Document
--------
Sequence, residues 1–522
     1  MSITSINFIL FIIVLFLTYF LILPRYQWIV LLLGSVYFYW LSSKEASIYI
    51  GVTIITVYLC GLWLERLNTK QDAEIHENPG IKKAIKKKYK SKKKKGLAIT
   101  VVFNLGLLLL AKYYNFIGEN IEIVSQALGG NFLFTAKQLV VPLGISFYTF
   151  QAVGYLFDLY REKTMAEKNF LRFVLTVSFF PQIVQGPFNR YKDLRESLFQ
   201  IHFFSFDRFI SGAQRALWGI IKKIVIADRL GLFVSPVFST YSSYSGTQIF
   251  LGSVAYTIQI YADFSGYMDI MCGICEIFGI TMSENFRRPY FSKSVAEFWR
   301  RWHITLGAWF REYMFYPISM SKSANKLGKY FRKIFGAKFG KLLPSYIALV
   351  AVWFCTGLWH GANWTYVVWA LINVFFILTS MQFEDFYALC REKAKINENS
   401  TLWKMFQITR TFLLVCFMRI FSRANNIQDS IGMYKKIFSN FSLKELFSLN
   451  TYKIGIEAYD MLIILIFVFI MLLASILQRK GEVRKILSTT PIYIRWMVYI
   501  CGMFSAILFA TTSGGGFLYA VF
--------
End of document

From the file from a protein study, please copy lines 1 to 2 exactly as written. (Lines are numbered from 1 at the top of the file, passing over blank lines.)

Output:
Sequence, residues 1–522
     1  MSITSINFIL FIIVLFLTYF LILPRYQWIV LLLGSVYFYW LSSKEASIYI